Saturday, July 9, 2011

Unearthing History

 We stayed last night at the Point Riche archaeological dig site in Port au Choix so we are the first visitors today. 

Philips Garden, as it is called, is widely acknowledged as one of the most important Palaeo-Eskimo sites in Western Newfoundland.

 Following a trail along the rocky, wind-swept coast, past tuckamore and wild flowers,  brought us to a barren peat meadow.

Between 4,000 and 1,000 years ago, the Eastern Canadian Arctic was occupied by a people we know as “Palaeo-Eskimos”.  The southernmost sites of these people are found in Newfoundland. 

 Two large sites have been explored here, one dating between 500 and 1,00o BC and the other between AD 100 and 600.

                        This site was first unearthed in 1929 during a archaeological survey.

   It was explored in the 60’s and is now being worked again using more modern methods. 

Ground penetrating cameras and satellite imaging have helped to reveal that these houses were  shaped differently than previously thought.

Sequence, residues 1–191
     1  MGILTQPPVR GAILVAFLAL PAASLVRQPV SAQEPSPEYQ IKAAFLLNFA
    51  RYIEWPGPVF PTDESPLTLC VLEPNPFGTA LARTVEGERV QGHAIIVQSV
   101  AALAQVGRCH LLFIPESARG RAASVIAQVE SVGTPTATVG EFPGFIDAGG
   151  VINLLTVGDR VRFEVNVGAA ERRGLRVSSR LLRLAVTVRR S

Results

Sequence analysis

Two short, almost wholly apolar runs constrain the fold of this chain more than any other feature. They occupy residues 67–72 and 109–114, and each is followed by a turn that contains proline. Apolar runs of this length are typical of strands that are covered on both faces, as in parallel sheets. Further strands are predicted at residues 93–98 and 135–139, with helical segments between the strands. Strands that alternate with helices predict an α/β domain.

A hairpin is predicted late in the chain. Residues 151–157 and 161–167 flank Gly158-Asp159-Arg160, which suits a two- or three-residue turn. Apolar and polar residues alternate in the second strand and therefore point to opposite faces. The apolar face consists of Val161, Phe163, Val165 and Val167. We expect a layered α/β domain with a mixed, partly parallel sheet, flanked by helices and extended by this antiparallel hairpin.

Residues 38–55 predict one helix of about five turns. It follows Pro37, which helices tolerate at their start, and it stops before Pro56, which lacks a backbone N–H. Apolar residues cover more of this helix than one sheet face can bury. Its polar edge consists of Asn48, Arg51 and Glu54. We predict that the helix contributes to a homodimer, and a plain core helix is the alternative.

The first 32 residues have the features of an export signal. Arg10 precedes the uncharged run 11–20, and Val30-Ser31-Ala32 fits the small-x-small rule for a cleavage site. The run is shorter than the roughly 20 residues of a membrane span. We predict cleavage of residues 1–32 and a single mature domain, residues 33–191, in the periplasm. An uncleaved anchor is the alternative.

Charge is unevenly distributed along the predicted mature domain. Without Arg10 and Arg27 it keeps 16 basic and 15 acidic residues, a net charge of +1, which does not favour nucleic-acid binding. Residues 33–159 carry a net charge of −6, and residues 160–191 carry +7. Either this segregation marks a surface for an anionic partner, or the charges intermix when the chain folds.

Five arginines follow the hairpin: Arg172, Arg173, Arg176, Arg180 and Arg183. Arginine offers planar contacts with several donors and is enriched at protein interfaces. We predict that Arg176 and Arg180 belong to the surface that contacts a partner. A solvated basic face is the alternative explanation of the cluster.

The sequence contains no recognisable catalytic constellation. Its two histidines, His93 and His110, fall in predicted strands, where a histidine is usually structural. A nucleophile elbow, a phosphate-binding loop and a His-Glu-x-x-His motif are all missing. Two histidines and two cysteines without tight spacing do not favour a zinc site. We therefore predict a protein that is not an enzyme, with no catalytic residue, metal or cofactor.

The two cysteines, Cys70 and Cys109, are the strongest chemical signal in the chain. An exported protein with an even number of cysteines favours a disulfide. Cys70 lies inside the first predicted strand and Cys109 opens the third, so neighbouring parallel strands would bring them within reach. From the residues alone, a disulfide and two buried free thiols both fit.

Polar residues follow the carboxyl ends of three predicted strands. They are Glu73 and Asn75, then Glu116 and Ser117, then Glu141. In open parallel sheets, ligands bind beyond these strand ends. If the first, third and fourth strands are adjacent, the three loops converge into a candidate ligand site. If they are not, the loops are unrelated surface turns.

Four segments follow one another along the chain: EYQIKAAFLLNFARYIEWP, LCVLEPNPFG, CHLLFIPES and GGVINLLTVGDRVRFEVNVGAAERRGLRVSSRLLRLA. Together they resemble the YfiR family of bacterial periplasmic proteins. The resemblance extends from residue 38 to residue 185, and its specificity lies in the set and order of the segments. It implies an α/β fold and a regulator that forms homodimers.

Many artifacts have been found here-projectile points, harpoon tips, and bits of whale bones are common finds.

The home sites are larger than originally thought, with some probably home to as many as 25 people.

 These people did not hunt whales, but did scavenge their bones off the beaches.

They followed the seal migration and hunted them for food and used their skins for clothing.

 The shaker is used to sift dirt, making it easier to sort for artifacts.

These pieces will be taken back to a lab for identification and cataloging.

For the first time in about 1500 years, the sun glints off this sharpened object – a Dorset Palaeo-Eskimo Chert end scraper, and we are amongst the first to see it.

 It is thought that a climate warming period caused the ice pack off shore and the seals on it to recede far enough from shore to make hunting them so difficult that these people left the area.  No one knows where they went.

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